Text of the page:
Whoooo sounds scary!! Next time I will do it by the book but it never had occured to me!

StorminaBcup Mon 01-May-17 20:11:53

I have a different surname to both dh and dc's (they all have the same surname), I've never heard of this either OP.

WhooooAmI sharm airport is a complete shambles. Your poor ds, he must've been frightened.

Malermalergoni Mon 01-May-17 20:13:25

Certainly Belgium, Holland, Germany are all quite hot on this. Always take the letter. I actually think it's more of a legal requirement to people from countries in the Schengen? im not sure that we legally need it, although most places in Europe will ask.

2ducks2ducklings Mon 01-May-17 20:14:29

My parents often take our children on holiday abroad, they always take a letter if permission from us. This includes our passport number. I'd say they've been asked for it twice out of ten visits. It's worth having though.

onethousandandonepapercuts Mon 01-May-17 20:14:44

This is the sole reason I intend to keep my married name after my divorce.

I was stopped from entering Canada with dd who was 5 months at the time. Granted she very pale in comparison and obviously couldn't confirm we we're related. I went from shit scared to pretty hacked off after 30 minutes of being questioned. They did let me through in the end.

JolieColombe Mon 01-May-17 20:16:48

Thanks for the heads up OP! DD1 and I are off on a short trip later this year (leaving DH with the toddler grin), it wouldn't have occurred to me to take a letter, one more thing for the list to pack confused

DoesHeWantToOrNot Mon 01-May-17 20:19:32

If I go without my dp I'll need to take dds birth certificate and my divorce certificate as my passport is my married name but the name on her birth certificate is my maiden name. As I was divorced when I had her but I've not changed my passport yet.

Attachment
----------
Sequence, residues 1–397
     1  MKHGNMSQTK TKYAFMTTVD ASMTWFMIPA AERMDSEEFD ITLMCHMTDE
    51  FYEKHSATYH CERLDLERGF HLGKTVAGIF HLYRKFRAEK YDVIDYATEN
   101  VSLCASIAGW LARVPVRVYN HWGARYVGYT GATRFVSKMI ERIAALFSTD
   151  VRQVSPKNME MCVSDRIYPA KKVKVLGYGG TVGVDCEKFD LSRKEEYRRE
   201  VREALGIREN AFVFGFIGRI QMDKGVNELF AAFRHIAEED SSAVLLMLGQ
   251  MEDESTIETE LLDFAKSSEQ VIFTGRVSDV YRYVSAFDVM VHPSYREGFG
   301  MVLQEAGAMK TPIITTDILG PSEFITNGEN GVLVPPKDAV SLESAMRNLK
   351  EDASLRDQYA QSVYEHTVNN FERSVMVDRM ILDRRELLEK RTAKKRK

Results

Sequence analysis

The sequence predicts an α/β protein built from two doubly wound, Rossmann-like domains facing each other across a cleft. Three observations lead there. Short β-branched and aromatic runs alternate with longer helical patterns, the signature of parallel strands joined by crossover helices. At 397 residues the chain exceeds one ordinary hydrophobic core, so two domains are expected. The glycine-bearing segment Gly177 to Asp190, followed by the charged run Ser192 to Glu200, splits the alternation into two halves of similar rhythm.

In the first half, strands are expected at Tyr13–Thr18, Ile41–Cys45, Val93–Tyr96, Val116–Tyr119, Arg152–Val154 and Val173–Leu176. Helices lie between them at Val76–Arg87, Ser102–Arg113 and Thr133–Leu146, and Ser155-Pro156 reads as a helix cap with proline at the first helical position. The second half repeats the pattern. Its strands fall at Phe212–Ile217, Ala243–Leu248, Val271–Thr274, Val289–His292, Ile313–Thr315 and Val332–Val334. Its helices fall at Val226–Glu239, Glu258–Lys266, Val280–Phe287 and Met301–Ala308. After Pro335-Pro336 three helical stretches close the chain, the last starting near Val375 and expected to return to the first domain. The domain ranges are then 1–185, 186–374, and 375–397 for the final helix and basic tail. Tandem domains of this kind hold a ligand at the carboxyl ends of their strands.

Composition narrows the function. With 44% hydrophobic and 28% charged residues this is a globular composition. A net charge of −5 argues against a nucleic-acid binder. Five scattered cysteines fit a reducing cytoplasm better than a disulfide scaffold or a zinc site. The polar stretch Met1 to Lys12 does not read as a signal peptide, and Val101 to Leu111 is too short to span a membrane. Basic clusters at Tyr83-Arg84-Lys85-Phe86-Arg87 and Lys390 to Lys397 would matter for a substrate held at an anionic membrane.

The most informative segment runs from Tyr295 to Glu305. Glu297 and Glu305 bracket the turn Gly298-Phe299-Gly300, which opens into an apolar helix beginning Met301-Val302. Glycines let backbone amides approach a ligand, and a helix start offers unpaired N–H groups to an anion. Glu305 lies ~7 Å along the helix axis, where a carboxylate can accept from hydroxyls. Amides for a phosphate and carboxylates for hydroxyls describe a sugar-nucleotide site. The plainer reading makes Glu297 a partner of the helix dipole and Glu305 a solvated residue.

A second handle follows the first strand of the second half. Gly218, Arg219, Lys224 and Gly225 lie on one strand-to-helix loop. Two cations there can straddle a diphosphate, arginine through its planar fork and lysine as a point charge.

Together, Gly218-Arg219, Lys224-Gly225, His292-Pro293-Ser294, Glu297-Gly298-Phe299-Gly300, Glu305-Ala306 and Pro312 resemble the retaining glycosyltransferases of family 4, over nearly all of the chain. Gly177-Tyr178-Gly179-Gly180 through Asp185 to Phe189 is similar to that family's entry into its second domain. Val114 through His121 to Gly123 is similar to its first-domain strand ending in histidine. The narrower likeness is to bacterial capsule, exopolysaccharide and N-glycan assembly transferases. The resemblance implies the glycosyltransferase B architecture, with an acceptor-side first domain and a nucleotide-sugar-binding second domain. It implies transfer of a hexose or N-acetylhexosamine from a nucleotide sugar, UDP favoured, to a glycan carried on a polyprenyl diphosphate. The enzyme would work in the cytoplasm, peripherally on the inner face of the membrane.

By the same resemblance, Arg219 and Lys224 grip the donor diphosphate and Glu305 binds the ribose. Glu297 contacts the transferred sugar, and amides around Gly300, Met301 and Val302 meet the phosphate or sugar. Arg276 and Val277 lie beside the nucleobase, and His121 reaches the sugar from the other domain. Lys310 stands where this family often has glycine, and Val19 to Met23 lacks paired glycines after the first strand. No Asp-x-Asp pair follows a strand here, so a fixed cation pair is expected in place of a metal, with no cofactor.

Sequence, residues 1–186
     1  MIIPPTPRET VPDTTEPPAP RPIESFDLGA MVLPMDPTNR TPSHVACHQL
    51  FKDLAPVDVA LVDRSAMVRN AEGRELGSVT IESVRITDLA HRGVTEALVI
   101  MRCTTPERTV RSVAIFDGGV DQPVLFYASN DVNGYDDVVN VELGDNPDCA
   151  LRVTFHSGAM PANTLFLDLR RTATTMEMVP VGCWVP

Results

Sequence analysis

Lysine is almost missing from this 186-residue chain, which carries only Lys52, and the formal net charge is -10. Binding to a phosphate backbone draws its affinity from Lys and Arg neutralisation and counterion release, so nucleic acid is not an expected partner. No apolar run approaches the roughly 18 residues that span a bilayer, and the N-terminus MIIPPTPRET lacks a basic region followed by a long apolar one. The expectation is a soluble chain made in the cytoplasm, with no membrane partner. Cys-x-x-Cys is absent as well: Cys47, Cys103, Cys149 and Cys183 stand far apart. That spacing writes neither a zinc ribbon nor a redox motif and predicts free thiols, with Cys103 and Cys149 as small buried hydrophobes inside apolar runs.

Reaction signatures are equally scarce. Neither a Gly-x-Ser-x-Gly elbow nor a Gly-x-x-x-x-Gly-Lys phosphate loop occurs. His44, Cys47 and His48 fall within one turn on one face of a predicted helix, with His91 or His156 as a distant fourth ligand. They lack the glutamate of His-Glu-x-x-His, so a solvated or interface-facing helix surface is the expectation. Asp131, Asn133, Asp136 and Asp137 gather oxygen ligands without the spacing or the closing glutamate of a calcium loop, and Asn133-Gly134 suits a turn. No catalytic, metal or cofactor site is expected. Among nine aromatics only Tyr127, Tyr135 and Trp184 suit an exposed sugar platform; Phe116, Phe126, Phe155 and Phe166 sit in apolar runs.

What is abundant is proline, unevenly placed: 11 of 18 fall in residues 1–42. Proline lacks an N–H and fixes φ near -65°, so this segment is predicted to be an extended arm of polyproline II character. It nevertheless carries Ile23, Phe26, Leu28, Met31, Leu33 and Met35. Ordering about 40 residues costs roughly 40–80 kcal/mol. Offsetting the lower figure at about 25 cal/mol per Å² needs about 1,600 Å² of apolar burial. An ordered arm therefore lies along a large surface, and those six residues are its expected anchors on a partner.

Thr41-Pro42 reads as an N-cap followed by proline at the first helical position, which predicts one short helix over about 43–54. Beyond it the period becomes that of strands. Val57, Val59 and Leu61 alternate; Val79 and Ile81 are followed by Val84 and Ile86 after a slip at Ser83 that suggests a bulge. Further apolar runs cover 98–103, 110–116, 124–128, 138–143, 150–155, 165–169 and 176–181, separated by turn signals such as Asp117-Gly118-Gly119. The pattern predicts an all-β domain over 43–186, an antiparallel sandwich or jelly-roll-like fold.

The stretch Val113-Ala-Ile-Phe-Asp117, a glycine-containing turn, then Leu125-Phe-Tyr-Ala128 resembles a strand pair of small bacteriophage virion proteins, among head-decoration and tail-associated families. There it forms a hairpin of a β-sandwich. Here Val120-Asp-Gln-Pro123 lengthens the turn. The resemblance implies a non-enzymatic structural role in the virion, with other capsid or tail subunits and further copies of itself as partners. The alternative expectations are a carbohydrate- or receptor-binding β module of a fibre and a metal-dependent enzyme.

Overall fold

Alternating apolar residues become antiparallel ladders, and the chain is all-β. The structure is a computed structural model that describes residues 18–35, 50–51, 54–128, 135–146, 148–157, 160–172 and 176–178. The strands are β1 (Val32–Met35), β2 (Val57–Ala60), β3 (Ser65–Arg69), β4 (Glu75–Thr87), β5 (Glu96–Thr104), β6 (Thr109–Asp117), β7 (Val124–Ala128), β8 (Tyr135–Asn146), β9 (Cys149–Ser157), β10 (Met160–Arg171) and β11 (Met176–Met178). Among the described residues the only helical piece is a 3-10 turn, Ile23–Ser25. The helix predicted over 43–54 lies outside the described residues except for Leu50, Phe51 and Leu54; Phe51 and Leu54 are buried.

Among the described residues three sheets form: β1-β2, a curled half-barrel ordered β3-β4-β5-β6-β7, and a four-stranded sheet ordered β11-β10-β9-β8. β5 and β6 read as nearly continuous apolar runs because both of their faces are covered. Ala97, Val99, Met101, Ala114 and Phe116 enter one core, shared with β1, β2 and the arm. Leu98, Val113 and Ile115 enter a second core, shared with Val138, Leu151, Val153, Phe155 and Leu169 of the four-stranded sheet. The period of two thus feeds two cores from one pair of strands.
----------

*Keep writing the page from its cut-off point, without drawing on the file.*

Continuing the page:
dementedpixie Mon 01-May-17 20:22:48

https://www.gov.uk/permission-take-child-abroad - those with parental responsibility need to give permission regardless of surname

cherish123 Mon 01-May-17 20:24:31

Strange. I have been abroad many times with DC without hubby and this has never happened.

Orlantina Mon 01-May-17 20:28:13

How though do the authorities know if someone has parental responsibility?

I know what PR is. I know who gets it. But if a child turns up with 1 parent, how do they know who the other person is? If the person is widowed, NC, had a child as a single parent by IVF etc?

I've never been asked for permission - but we do have a shared surname as it's double barrelled in DS's name. Done loads of trips to Europe.

megletthesecond Mon 01-May-17 20:31:46

rhoda that's good to hear. We're NC with xp too (8 yrs) and the dc's don't have my surname. If I ever take the dc's abroad I'll probably end up taking loads of back up paperwork with me.

itsgoodtobehome Mon 01-May-17 20:33:25

I've never heard of this. I have travelled on my own with ds5 loads, and I have never been asked about having DH's permission. It would never have occurred to me that this was a thing.

ginswinger Mon 01-May-17 20:33:32

I'm a single mum of a 6yoDD. She's been to 12 countries and I have never been challenged! We have the same surname and look alike but there's never been an issue. Occasionally she will get asked a few questions at passport control (along the lines of what did you do on holiday?) but nothing further.

DD is a bit of a chatterbox so when asked about her travels, will regale the officer with stories of elephants and lions until they smile and wave us through.

Bumply Mon 01-May-17 20:33:43

I've been stopped before as don't have the same surname as ds1 and ds2.
The irony is that their Dad doesn't have parental responsibility (just shares a surname), so according to that gov website I don't need a letter.